Canada Revenues Agency Goes After QuadrigaCX Taxes
QuadrigaCX, the Canadian crypto exchange that closed in January 2019, went through an arduous process and a bankruptcy procedure. Now, the taxman moves in for their cut, demanding tax returns dated between October 2015 and September 2018.
The Canada Revenues Agency has turned its attention to the potential hidden revenues of QuadrigaCX. The Globe and Mail reported that the Trustee on the QuadrigaCX bankruptcy case has provided the tax returns files for past earnings. Until now, QuadrigaCX has faced investigations by the FBI, as well as the Canadian Royal Mounted Police.
Cold Wallets Were Never Discovered
Ernst&Young was first appointed as a Monitor, and later as a Trustee when QuadrigaCX entered a bankruptcy procedure. The auditing firm provided thorough research of the company’s assets, aiming to uncover the exchange’s alleged vast reserves of Bitcoin (BTC), Litecoin (LTC) and Ethereum (ETH). Unfortunately, the research did not yield any addresses, and it turned out over the course of its life, QuadrigaCX may have been emptied out of both crypto and cash reserves.
The exchange’s owner, Gerald Cotten, was pronounced dead in India at the end of 2018, about a month before the exchange closed. Initially, it was believed Cotten controlled large wallets, and his death led to the loss of private keys. But later, investigations showed that the finances of QuadrigaCX were in disarray. Funds from the exchange were used privately, and the Cotten estate acquired houses and other luxury items.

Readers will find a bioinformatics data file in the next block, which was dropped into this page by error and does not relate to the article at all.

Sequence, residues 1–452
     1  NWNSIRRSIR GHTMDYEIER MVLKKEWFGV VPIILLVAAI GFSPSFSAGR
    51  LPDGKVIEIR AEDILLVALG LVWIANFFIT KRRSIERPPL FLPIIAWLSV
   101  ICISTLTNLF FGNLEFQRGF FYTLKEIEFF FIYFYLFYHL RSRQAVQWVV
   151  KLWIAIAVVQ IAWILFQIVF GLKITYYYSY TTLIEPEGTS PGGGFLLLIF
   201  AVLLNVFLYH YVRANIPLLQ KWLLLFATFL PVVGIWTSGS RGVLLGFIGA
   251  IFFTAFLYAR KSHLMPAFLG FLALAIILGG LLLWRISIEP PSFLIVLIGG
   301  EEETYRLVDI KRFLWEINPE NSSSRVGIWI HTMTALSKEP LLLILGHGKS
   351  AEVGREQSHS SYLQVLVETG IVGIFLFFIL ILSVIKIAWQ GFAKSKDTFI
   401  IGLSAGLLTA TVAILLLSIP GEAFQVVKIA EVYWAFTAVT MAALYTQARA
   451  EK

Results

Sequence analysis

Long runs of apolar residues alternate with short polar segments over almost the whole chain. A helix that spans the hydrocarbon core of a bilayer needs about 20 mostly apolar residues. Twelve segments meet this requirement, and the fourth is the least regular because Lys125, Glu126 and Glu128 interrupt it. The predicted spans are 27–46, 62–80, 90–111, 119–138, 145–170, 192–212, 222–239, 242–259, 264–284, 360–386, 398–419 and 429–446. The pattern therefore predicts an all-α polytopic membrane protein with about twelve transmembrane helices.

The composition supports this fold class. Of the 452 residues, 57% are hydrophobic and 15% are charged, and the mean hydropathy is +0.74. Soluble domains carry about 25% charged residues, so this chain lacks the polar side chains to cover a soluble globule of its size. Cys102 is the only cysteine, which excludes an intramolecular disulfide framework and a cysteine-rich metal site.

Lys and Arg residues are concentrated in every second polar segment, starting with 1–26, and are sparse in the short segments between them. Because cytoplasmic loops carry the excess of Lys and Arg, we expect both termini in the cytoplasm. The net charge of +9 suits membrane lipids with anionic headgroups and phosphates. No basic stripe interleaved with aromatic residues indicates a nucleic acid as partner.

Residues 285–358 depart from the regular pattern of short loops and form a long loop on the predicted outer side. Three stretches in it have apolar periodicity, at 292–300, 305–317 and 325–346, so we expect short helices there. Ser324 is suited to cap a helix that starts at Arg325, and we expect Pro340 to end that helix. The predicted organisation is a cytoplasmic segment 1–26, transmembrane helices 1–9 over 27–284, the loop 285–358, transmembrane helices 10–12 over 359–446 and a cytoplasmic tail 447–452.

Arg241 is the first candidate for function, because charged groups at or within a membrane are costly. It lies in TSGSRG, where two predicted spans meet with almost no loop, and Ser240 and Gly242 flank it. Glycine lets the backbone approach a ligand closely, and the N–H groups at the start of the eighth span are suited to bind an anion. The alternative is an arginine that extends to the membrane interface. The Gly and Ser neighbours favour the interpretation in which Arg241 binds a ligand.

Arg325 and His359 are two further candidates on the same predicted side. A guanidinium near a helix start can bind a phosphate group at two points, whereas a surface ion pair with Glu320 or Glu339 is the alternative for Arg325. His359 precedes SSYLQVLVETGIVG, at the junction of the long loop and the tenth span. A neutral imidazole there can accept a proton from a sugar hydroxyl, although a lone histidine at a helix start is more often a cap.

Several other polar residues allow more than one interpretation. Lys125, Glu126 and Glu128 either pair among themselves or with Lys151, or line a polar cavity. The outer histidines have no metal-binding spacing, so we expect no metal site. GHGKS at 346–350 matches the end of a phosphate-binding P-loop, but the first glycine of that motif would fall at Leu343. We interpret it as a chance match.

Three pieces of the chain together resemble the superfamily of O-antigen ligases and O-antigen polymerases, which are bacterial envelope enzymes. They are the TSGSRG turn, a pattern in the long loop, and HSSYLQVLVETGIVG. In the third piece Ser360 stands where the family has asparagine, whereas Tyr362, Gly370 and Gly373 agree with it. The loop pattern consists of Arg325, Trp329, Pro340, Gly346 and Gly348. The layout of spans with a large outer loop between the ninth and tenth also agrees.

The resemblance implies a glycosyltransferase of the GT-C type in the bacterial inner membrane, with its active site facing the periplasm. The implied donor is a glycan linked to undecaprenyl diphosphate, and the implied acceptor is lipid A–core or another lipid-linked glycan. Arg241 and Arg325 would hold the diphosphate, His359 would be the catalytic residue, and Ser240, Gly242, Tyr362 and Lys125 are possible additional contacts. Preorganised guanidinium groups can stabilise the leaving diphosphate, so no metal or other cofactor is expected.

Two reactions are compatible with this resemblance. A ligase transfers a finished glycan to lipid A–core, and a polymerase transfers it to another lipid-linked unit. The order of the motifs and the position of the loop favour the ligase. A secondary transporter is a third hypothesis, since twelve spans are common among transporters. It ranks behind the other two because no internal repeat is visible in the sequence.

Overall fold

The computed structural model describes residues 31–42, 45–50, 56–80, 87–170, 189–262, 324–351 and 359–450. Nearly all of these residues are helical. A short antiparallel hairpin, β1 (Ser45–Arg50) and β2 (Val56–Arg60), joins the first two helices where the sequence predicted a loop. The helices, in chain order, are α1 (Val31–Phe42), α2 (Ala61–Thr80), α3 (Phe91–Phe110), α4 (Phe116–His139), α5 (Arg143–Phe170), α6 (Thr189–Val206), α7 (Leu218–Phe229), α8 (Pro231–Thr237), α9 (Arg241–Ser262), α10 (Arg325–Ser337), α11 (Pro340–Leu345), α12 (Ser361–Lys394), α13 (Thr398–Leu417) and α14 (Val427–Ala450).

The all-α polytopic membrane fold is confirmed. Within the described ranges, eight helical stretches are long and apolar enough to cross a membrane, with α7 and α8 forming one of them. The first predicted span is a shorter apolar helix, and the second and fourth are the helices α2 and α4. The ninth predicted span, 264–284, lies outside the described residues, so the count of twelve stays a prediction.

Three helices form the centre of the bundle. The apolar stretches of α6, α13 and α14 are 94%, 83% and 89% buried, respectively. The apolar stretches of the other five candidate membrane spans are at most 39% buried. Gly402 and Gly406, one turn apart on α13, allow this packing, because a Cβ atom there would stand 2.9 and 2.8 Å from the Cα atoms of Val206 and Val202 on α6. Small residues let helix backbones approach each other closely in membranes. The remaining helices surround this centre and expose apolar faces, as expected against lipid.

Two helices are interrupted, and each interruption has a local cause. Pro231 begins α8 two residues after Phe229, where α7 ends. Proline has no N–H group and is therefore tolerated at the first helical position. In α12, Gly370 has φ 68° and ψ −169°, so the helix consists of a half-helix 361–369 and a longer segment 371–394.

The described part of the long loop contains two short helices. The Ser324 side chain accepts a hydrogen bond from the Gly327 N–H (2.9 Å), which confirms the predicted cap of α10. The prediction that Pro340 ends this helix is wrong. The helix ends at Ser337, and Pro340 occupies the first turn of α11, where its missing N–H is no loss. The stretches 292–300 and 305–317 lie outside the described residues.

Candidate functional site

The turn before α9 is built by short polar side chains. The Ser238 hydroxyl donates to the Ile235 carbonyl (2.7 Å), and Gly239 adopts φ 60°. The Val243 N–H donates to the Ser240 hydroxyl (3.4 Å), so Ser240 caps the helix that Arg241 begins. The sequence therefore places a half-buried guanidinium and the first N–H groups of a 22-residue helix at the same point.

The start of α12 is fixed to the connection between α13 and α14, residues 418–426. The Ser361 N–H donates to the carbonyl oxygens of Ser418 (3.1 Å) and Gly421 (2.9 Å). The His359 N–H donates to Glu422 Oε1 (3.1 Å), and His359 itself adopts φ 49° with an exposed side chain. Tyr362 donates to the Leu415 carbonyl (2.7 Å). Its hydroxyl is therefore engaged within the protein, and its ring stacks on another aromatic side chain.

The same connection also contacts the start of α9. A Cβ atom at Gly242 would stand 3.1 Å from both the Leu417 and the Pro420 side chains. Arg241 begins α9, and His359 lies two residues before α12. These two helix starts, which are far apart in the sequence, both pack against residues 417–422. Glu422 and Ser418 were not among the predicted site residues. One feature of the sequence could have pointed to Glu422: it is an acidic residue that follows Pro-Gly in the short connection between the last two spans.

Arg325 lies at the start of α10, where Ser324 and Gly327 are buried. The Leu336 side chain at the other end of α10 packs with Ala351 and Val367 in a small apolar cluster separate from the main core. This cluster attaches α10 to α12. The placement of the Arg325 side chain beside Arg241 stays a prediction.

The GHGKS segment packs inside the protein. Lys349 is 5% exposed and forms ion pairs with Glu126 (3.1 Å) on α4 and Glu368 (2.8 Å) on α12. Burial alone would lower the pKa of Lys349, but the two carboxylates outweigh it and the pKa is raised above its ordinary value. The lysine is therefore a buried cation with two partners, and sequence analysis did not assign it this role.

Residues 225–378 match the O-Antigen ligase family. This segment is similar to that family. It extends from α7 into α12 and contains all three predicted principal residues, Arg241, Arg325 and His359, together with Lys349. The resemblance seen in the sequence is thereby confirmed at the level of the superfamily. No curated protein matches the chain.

The traders on the exchange were left to divvy up only the small remnants of bank accounts and a little more than 100 BTC.
Traders Left with Little to Divide
The losses from QuadrigaCX were estimated roughly between $72 and $134 million. The exchange took the funds of several large-scale traders, who deposited funds on the exchange just days before closing.
Investigations showed that over the years, funds from QuadrigaCX regularly moved to the Kraken exchange. The European market is one of the exchanges offering liquidation for cash. QuadrigaCX was also used to move from crypto to cash, thus attracting large-scale sales.
The bankruptcy of QuadrigaCX has affected an estimated 115,000 traders. The long and detailed investigation, spearheaded by Ernst&Young and a handful of legal teams, cut into the funds available for creditor redistribution. The tax agency’s investigation may incur additional fees, warned the Trustee.
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